This is, frankly, boring and uninteresting. Yes, if you play a game long enough you start to feel like one capital city is better than another, but that’s part of the experience. It’s a shared association. Dying in the Undercity elevator sucks, but it’s a shared sucking. Here, it’s just “run around a circle with a social space in the middle.” It’s lackluster.
2. Light side/Dark side was pointless
When I first started playing Dragon Age: Origins, it took me a minute to believe that BioWare had made a game without a morality scale of some kind. I mean, you still had one; just do whatever makes Morrigan mad and you’re a good guy. But still. This is a studio that loves its morality scale, and you have many moments in every story that allow you to either be an inveterate bastard or a paragon of goodness.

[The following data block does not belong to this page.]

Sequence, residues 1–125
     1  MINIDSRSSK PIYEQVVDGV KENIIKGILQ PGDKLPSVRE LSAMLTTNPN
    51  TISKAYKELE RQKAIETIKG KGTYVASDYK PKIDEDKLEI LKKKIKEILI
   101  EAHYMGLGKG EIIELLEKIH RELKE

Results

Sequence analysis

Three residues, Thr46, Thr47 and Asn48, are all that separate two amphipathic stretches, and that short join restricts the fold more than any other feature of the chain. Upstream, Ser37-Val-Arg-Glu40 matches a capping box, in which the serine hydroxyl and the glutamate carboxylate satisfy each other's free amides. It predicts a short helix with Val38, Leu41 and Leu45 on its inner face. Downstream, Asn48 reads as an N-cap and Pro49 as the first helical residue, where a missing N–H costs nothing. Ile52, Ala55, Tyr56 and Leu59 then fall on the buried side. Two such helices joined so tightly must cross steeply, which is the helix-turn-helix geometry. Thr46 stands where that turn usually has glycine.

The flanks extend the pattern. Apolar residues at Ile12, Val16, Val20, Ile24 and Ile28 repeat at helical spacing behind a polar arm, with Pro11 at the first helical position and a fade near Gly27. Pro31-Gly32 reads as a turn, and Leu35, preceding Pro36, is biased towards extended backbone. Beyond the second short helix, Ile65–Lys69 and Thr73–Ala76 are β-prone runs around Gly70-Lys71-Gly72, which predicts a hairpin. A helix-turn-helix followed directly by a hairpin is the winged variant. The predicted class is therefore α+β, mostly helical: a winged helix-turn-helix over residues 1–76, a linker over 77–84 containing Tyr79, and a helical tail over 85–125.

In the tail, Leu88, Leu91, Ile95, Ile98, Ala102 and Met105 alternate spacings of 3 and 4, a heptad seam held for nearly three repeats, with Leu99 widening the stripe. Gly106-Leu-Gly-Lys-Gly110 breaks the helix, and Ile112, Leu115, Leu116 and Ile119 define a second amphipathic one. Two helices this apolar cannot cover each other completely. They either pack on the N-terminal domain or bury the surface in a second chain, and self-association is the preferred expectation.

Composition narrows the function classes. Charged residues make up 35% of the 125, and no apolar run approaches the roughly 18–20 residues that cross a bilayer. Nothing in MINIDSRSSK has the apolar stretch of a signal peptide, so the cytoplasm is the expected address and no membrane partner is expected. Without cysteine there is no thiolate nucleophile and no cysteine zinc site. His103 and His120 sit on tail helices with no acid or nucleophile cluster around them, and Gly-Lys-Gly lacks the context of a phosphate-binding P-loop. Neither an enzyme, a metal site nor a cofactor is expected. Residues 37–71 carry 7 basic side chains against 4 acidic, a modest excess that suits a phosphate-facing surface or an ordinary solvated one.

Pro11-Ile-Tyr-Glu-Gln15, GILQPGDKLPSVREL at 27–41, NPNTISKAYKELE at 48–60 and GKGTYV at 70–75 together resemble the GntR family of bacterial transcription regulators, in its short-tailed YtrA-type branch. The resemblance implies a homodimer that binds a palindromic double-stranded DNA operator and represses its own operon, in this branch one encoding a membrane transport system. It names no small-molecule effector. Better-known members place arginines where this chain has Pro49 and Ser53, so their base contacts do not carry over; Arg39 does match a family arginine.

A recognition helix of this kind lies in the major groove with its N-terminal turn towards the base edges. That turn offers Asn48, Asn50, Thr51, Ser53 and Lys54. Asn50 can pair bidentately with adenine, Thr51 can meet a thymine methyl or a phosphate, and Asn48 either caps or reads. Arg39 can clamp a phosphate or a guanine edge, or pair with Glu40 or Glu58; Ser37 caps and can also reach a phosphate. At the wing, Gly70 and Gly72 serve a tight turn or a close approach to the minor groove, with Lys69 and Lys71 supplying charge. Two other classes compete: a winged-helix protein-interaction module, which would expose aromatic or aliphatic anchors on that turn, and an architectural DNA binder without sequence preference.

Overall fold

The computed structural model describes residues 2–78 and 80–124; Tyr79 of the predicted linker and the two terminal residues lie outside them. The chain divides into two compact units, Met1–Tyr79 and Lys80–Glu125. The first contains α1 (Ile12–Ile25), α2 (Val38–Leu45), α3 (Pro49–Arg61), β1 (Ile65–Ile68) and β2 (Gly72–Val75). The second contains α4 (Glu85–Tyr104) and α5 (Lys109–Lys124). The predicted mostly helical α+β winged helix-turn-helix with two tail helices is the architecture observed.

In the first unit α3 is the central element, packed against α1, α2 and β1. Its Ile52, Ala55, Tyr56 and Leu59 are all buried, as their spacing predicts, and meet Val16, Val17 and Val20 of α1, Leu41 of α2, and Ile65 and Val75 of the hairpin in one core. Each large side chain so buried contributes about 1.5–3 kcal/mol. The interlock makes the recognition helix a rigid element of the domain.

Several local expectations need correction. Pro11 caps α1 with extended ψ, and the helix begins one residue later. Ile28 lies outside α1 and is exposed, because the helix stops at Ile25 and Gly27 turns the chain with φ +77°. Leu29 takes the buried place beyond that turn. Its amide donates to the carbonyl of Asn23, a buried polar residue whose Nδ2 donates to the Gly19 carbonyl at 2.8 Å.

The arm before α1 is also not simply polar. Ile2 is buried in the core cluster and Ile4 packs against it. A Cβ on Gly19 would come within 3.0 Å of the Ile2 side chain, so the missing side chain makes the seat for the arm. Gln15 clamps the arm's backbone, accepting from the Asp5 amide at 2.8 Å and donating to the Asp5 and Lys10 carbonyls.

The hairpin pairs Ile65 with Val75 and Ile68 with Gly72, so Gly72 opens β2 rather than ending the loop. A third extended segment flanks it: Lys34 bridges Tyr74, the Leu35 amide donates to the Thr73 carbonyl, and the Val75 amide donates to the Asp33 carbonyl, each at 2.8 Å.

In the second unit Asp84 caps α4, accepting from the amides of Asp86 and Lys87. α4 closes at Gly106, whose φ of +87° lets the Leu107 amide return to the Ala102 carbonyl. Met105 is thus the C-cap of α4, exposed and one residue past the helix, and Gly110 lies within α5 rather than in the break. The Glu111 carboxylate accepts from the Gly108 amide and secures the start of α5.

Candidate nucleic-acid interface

And the effect is… nothing.
Seriously, while there are technically slight changes in some minor gear and you can get all ugly darkside-ish if you’re bad enough, in a macro sense the larger morality system doesn’t actually matter one whit. That’s not inherently bad, but it does make the whole experience just feel kind of silly, when it’s not being cumbersome. (That’s foreshadowing, by the way.)
3. There was a lack of substantial ongoing content